Coal miners are tested for black lung. Recently, the deadly disease has been discovered in younger miners and at more advanced stages. David Deal for NPR hide caption

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David Deal for NPR

Black-Lung Rule Loopholes Leave Miners Vulnerable

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Coal miner Lee Hipshire in 1976, shortly after emerging from a mine in Logan County, W.Va. at the end of his shift. At age 36, he had worked 26 years underground. A few years later, Lee took early retirement because of pneumoconiosis, or black lung disease. He died at 57. Courtesy of Earl Dotter hide caption

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Courtesy of Earl Dotter

The National Institute for Occupational Safety and Health sent a mobile testing unit to a fire station in Wharton, W.Va., in 2012 to screen coal miners for black lung disease. Howard Berkes/NPR hide caption

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Howard Berkes/NPR

Spike In Black Lung Cases Strains Federal Benefits Program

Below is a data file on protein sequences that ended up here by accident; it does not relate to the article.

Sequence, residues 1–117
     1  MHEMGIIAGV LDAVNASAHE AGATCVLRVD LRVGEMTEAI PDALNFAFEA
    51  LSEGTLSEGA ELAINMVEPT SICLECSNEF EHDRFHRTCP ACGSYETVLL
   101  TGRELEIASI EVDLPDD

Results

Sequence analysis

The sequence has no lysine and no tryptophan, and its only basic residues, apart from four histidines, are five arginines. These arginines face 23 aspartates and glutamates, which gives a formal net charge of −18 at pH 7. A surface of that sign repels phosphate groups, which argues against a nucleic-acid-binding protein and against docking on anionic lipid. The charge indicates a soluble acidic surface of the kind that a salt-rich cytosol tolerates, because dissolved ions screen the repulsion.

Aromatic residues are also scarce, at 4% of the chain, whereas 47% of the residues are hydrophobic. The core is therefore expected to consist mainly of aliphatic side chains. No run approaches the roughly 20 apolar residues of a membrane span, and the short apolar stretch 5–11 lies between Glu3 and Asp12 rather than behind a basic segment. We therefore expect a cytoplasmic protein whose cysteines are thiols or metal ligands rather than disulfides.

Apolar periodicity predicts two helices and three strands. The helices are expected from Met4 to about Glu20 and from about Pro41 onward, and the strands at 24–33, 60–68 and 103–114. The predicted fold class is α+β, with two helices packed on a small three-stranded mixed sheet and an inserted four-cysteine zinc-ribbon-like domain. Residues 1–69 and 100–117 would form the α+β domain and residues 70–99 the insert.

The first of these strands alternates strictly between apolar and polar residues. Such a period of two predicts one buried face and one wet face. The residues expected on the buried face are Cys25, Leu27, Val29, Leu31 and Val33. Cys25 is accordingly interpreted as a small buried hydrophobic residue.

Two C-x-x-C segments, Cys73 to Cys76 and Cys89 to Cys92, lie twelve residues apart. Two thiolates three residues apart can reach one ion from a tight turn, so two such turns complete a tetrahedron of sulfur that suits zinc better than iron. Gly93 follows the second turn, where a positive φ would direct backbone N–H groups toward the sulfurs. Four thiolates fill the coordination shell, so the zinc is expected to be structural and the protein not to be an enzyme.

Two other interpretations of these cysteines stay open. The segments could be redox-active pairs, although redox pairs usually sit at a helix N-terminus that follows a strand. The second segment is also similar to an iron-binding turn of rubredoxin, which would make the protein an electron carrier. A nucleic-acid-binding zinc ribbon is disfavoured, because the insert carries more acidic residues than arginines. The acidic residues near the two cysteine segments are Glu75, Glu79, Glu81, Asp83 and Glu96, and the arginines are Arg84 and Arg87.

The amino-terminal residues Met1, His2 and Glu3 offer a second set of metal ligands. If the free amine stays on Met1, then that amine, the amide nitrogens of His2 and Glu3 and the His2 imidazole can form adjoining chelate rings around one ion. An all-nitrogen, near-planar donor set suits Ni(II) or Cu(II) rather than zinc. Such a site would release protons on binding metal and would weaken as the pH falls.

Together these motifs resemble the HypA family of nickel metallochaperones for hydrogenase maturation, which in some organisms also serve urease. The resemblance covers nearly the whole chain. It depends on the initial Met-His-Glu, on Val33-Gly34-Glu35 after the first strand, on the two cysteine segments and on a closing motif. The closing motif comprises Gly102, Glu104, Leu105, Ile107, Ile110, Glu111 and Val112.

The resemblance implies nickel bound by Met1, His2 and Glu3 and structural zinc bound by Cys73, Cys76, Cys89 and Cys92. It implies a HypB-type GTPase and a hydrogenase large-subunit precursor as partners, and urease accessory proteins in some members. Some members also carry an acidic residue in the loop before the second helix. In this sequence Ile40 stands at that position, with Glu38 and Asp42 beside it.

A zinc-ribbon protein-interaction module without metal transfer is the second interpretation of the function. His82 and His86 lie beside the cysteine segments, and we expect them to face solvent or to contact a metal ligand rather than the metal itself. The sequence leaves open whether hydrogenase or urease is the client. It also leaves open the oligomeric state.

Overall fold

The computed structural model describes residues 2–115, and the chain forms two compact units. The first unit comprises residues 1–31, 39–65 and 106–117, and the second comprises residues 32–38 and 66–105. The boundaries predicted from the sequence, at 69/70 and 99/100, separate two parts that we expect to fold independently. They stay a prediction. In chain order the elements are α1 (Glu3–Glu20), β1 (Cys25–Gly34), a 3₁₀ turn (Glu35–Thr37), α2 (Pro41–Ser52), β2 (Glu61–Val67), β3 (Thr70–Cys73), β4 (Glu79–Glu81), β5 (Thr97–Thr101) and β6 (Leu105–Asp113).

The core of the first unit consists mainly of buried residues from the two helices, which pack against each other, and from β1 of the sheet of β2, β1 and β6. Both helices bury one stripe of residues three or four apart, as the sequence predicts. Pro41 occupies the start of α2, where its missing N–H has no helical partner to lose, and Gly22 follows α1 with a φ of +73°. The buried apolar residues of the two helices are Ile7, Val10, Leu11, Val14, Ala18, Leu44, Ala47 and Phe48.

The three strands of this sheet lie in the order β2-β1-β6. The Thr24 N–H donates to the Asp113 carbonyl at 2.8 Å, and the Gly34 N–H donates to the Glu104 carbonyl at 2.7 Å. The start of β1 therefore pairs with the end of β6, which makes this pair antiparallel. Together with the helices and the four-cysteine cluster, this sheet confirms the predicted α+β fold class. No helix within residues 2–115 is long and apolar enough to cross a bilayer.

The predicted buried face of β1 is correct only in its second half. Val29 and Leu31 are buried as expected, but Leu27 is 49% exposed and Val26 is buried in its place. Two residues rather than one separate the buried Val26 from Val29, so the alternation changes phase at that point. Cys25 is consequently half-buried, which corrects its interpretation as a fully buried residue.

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Branham wears reflective mining pants in his home in Elkhorn City, Ky. Branham has advanced stage black lung and was forced to quit mining earlier this year. Benny Becker/Ohio Valley ReSource hide caption

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Benny Becker/Ohio Valley ReSource

Advanced Black Lung Cases Surge In Appalachia

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A memorial at the entrance to Massey Energy's Upper Big Branch coal mine represents the 29 coal miners who were killed in an explosion in 2010. Jeff Gentner/AP hide caption

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Jeff Gentner/AP

Coal miner Lee Hipshire in 1976, shortly after emerging from a mine in Logan County, W.Va., at the end of his shift. A few years later, Lee took early retirement because of pneumoconiosis, or black lung disease. He died at 57. Courtesy of Earl Dotter hide caption

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Courtesy of Earl Dotter